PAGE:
appendix, she lists about two hundred by state, along with the titles and major
depositories of their publications.
Bennion estimates that these editors comprised from i to 2 percent of the
total for the period and place, but she finds no stereotypes. In many respects
the women resembled their male counterparts. They cut across social and eco-
nomic lines, with most of them falling into the middle class. They boasted a
somewhat better than average education for their time, and they were moti-
vated by a desire to express their views, advocate causes, or make money. Usu-
ally their editorial careers were of short duration.
Nor does Bennion find a stereotype in their publications. Most of the women
edited small-town papers, but they also edited a wide range of special publica-
tions. Some aimed at women readers. Others adopted special causes such as
temperance, suffrage, or the labor movement. Still others edited religious, lit-
erary, or health publications.
A look at the women explains why they and their publications defy stereotyp-
ing. There was Marietta L. Beers Stow who used her paper to campaign for
vice president of the United States, and Rowena Granice Steele, sometime
actress, novelist, and editor, whose husband killed a fellow editor in defense of
her honor. There was Mary Hayes-Chynoweth who used her spiritual gifts not
only to edit a paper and found a church, but also to make a fortune in minerals.
And there were the Mormon sister wives, Ellis and Maggie Shipp, who alter-
nately left their children-they had nineteen between them-with sister wives
while they earned medical degrees in the East. Their common husband also
earned a medical degree, and the three of them edited a medical journal in Salt
Bennion takes a pedestrian, scholarly approach to her material, avoiding any
semblance of sensationalism and possibly trying too hard to find stereotypes.
Overall, her book makes a notable contribution to the history of women and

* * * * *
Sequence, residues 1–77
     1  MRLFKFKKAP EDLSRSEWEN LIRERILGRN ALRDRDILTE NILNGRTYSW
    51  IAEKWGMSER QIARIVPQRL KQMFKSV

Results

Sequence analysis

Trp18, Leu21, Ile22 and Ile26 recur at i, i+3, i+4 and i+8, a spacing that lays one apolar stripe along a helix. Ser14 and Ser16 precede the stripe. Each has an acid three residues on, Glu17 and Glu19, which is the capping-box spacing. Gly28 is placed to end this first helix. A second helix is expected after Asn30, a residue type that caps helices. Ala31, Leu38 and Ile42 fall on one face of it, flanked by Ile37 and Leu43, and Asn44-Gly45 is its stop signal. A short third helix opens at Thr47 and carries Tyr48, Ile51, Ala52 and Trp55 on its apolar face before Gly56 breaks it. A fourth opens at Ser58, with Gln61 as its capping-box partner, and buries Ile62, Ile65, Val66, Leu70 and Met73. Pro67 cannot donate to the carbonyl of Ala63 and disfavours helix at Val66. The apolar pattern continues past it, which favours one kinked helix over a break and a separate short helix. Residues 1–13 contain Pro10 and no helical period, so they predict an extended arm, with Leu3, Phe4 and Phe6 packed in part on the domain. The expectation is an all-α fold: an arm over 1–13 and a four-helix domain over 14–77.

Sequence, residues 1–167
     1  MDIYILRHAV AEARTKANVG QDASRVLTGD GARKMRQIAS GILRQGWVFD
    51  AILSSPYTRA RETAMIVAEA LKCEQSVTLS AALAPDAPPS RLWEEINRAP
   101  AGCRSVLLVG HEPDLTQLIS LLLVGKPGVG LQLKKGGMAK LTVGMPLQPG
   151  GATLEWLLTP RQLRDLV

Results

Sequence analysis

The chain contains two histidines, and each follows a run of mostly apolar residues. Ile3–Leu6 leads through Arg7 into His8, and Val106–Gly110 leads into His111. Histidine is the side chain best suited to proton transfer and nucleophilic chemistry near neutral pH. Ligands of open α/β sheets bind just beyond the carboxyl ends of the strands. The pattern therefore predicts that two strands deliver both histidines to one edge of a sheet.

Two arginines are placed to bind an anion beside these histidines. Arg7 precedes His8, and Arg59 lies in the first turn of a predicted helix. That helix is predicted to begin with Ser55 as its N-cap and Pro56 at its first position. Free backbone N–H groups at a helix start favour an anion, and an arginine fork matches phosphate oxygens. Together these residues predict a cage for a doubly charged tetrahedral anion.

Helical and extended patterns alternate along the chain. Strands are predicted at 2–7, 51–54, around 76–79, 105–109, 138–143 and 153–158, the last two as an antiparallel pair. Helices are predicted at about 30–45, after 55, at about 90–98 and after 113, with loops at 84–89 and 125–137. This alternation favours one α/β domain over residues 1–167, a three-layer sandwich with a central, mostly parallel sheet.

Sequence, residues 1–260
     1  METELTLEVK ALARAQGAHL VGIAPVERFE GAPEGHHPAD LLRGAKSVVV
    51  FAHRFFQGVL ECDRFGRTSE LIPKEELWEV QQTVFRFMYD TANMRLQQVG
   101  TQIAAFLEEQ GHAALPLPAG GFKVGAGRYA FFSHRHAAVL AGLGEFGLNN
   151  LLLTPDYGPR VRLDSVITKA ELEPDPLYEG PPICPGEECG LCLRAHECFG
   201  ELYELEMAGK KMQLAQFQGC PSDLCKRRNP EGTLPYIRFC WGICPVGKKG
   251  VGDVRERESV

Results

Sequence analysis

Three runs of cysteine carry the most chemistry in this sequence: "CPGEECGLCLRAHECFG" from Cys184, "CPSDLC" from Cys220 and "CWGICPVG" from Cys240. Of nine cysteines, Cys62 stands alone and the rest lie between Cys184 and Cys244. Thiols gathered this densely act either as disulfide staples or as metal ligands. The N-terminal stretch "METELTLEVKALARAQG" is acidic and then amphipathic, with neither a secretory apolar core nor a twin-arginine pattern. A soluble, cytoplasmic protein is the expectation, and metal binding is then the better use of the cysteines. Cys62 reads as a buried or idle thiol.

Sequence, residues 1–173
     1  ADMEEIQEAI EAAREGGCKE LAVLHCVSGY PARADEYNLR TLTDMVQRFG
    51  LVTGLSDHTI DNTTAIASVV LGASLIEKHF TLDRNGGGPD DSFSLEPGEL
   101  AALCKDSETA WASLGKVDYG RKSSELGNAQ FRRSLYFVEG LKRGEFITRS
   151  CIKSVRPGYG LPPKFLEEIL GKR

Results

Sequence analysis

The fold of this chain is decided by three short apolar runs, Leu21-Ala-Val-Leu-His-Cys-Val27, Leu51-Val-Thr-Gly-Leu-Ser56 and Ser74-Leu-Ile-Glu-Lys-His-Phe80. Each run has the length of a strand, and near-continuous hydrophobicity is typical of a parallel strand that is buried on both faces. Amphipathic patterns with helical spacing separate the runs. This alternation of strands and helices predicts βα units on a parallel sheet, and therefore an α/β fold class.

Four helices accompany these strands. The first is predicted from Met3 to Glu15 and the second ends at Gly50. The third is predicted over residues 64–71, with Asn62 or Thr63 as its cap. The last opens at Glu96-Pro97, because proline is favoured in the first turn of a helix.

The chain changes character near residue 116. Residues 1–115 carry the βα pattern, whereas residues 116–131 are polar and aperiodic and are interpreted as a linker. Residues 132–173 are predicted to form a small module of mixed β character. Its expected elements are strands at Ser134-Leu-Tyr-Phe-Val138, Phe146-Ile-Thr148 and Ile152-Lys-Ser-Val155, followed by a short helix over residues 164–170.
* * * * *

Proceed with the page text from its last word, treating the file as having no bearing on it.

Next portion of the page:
journalism in the Far West. Unfortunately, Texas is not included.
Huntsville, Texas MARILYN MCADAMS SIBLEY
My Dear Mollze: Love Letters of a Texas Sheep Rancher. By Agnesa Reeve. (Dallas:
Hendrick-Long Publishing Co., 1990. Pp. xv+ 171. Preface, introduction,
black-and-white photographs, map, epilogue. $17.95.)
In December 1888, John Barclay McGill, age thirty-two, fell in love with his
distant cousin Mollie McCormick, twenty-two, when they met, although not for
the first time, at a family wedding in Austin, Texas. McGill's letters that fol-
lowed the meeting make up this attractive and engaging book. The sixty-eight
letters detail John's life as well as his love and courtship of Molhe from the De-
cember encounter to March 189o, shortly after which the couple married.
McGill, the letters show, worked for a newspaper in Lampasas when the
long-range courtship began, but he had financial investments in West Texas
sheep raising. Restless and determined to make money in wool growing, he left
Lampasas for Marienfield (present Stanton) in the sheep country west of Big
Spring. There he worked on his own flocks, hired herders, leased land from
Texas State Historical Association. The Southwestern Historical Quarterly, Volume 95, July 1991 - April, 1992. Austin, Texas. The Portal to Texas History. http://texashistory.unt.edu/ark:/67531/metapth117153/. Accessed July 13, 2014.